I grew up in Rome, so I'm often the first person people text when they plan a trip. I spent most of my time in Italy in front of a computer screen, so I don't have a super extensive list! There might be a lesson in there about appreciating what you have :)
Clearly the most important part of your trip. You can find really good pasta in the US, but really good pizza is actually hard. All of these places aren't in the touristy neighborhood, but worth the trip if you're close by for other reasons.
Fyi, Pizza in Rome is thin and crunchy, while Neapolitan pizza has a thicker crust and a softer dough. There's also "pinsa" which is another traditional Roman type of pizza.
Pizzeria L'Economica in San Lorenzo. My grandpa grew up in that neighborhood, which was one of the few bombed in 1943 during World War II. In 1946, L'Economica first opened and we've celebrated many family birthday parties there since then. There are 4 historic pizza places in the neighborhood, with the other three being Il Podista, Formula 1, and the now-closed Il Maratoneta (which used to be make amazing XL pizzas). The neighborhood can be kinda sketchy and rowdy during the weekend, so either enjoy the adventure or just leave after dinner!
Il Giardino Segreto by Tuscolana. They only make gigantic pizzas. The restaurant is hidden behind a wall of plants and the aqueducts ruins on the other side. They have a ton of outdoor seating and it's really quiet outside of some vibrations from the subway right below it. We did my aunt's reharsal dinner here!
Pizzeria Ostiense in Ostiense. Sit down, write your order on a piece of paper, eat quickly and leave :) It's a very high turnover restaurant so don't expect any fancy service but the food is great. This is a extremely busy place after every AS Roma game with people coming to get food after the stadium.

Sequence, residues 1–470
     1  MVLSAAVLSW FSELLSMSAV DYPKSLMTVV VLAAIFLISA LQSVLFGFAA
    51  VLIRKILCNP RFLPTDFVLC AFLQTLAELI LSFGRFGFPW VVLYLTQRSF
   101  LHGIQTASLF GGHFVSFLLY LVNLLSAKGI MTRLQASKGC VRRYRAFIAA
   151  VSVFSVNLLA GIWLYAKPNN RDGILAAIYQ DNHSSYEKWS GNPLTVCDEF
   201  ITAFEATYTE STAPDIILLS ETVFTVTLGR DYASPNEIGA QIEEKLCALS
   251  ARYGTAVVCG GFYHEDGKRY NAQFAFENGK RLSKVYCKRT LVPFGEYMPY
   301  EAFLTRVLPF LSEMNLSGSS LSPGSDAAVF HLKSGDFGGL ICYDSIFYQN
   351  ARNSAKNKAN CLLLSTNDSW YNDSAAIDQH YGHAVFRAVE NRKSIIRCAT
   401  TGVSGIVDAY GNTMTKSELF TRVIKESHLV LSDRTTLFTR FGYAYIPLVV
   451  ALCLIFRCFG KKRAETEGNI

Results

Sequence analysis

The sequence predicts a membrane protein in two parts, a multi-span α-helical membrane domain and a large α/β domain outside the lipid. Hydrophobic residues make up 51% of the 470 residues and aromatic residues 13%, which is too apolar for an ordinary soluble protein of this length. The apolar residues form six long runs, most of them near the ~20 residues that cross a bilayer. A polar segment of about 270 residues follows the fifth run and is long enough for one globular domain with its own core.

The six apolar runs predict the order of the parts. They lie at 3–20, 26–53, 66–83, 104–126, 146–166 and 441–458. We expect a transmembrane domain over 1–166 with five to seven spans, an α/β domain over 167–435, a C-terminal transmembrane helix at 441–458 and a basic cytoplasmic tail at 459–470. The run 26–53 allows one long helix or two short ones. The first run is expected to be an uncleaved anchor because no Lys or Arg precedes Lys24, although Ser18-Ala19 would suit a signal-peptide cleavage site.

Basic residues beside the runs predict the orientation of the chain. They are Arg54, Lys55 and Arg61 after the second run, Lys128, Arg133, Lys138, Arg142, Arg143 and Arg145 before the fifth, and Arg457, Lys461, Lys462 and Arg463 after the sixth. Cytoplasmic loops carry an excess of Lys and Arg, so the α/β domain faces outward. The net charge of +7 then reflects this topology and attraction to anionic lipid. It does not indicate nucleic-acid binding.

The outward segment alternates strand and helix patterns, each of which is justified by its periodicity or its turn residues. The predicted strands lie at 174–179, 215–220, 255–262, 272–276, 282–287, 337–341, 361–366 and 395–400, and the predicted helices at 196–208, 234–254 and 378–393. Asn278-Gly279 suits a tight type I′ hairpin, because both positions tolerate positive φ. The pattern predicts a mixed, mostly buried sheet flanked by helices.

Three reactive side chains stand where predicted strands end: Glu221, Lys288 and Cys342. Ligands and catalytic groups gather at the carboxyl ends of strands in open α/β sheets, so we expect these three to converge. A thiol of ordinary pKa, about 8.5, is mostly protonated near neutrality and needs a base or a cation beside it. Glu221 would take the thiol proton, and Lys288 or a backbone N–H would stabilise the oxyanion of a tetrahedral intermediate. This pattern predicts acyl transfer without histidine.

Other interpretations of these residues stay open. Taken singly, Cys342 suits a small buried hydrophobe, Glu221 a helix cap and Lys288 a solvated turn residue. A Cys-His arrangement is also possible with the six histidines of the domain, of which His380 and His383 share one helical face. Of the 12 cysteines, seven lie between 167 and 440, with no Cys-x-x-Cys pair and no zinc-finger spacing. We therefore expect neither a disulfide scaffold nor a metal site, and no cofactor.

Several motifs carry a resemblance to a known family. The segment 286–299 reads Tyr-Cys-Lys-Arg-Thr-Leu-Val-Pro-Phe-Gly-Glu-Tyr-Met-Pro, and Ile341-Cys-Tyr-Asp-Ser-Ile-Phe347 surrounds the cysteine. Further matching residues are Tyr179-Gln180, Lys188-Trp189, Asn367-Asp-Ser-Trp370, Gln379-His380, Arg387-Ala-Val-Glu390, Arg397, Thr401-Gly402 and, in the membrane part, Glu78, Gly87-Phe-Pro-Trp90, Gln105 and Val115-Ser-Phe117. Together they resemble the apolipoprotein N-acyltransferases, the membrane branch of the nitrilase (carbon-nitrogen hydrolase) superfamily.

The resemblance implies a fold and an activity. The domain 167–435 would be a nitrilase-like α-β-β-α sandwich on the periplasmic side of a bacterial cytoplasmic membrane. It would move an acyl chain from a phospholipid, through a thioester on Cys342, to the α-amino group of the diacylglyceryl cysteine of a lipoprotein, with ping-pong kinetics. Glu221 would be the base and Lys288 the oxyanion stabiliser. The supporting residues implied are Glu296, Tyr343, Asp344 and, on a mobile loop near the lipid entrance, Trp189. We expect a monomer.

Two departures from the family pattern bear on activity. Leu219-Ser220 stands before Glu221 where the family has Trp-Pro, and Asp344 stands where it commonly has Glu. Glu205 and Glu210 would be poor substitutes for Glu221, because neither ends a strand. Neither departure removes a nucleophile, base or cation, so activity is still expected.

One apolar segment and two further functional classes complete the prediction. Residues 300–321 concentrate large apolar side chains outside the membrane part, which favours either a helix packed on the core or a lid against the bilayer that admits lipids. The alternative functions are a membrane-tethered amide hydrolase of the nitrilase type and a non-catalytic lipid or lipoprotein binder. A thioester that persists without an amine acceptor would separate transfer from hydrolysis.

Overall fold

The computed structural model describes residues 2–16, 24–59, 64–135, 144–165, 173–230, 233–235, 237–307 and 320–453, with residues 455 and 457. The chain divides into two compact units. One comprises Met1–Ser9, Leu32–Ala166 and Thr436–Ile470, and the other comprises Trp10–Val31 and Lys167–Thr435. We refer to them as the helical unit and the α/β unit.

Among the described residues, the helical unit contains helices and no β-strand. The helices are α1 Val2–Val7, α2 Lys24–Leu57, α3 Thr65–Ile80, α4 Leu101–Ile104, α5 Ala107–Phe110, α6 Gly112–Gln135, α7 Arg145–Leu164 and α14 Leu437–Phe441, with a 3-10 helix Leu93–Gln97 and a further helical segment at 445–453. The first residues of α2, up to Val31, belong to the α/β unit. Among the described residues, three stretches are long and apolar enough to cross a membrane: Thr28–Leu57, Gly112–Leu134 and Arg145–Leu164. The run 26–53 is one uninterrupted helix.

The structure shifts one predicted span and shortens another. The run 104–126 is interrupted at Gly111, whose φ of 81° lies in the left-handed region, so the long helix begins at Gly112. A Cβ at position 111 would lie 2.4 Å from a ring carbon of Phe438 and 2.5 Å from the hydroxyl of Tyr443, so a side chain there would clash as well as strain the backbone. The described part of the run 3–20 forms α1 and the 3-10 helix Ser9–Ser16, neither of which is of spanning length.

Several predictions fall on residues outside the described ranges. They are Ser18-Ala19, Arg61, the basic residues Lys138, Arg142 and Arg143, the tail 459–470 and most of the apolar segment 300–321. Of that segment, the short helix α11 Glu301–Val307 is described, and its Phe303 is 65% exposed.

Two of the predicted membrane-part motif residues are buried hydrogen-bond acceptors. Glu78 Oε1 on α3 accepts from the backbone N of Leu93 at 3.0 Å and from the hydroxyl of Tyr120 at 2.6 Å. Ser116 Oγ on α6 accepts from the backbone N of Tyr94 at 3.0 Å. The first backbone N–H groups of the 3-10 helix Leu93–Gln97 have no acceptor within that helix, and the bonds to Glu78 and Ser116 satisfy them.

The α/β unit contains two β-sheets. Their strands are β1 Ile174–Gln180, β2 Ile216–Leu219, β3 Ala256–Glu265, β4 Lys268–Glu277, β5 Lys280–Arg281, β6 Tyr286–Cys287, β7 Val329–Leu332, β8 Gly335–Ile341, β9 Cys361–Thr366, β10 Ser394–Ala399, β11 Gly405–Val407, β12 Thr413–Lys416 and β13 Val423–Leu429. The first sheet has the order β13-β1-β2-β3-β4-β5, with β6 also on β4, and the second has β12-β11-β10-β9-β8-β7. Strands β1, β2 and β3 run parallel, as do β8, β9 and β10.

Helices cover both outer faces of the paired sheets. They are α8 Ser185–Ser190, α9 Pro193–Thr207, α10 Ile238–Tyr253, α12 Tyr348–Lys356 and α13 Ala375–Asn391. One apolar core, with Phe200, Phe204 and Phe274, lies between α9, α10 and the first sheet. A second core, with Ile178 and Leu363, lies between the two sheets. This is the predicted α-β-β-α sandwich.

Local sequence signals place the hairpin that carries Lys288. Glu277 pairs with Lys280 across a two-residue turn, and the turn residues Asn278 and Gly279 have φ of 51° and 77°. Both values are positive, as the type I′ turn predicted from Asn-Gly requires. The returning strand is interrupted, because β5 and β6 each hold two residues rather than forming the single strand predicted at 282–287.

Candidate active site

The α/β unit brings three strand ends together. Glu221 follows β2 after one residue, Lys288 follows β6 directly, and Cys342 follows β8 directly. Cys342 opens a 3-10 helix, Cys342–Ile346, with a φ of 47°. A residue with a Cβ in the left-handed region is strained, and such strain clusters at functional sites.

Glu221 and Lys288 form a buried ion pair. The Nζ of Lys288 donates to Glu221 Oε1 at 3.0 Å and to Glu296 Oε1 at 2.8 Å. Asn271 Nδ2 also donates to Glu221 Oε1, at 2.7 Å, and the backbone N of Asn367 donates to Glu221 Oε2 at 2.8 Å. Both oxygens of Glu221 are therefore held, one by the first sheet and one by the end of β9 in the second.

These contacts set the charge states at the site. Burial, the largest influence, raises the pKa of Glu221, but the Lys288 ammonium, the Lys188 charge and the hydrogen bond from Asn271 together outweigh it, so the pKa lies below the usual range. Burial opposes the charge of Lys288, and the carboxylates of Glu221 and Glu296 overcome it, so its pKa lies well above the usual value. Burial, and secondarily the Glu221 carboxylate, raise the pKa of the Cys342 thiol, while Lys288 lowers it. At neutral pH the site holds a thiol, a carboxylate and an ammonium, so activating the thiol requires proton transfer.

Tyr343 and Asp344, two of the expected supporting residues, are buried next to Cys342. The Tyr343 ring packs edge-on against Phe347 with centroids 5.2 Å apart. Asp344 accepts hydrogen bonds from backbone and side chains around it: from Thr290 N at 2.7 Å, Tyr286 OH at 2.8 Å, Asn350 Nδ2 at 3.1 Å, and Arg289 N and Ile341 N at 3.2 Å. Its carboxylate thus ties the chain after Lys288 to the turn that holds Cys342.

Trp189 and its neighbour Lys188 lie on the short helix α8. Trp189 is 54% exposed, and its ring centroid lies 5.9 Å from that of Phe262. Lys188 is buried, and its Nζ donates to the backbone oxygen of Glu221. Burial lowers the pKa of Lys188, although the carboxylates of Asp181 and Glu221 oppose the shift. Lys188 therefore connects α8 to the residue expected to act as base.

Dar Poeta in Trastevere. I don't go very often as it's right in Trastevere, but it's a classic.
Buca di Ripetta by Piazza del Popolo; I had dinner with my wife here before I proposed to her, so it's a special place for us. They have pretty good food but most importantly fair prices for the neighborhood.
Tonnarello in Trastevere; they have quick service, nice outdoor seating and good handmade pasta with traditional Roman dishes (Carbonara / Amatriciana / Gricia)
La Sora Lella in Trastevere. "Sora Lella" was the nickname of Elena Fabrizi, a very famous Roman actress who was the grandmother of the now-owner of the restaurant. She's one of the "quintessential Roman" people, so this place has a special place in everyone's heart.
Contrario at the Colosseum; it's not easy to find good places right in the center but this is definitely one of them!
Le Terrazze al Colosseo at the Colosseum; very nice place with a terrace overlooking the Colosseum (reserve in advance to sit on that side). We went to dinner here with my wife to celebrate when I joined Decibel!
Colline Emiliane near Barberini; awesome Michelin-star restaurant with very affordable pricing. Extremely challenging to get a reservation but the often have walk ins due to cancellations late during the lunch shift.
Zenit in Ostia by the beach. I got married here :) You can go during the day for the beach club and stay for lunch and/or dinner.
I'm assuming you've read on the basics (Colosseum, etc), here are some other options:
Giardino degli Aranci, a romantic and beautiful orange trees garden overlooking the city. If you're a 14-15 years old kid in Rome, you're taking 2-3 buses to take your date here to see the sunset :)
Castel Gandolfo is a city overlooking the lake in the Roman castles right outside of the city. The link takes you to a nice restaurant with a big balcony. Castel Gandolfo, Albano, Ariccia, Marino, and Genzano are the famous towns in that are if you want to do a day roadtrip.
Villa Borghese is right by Piazza del Popolo but not everyone goes up to explore it. You can take a long walk through the whole park and visit Galleria Borghese, one of the best art galleries in Rome.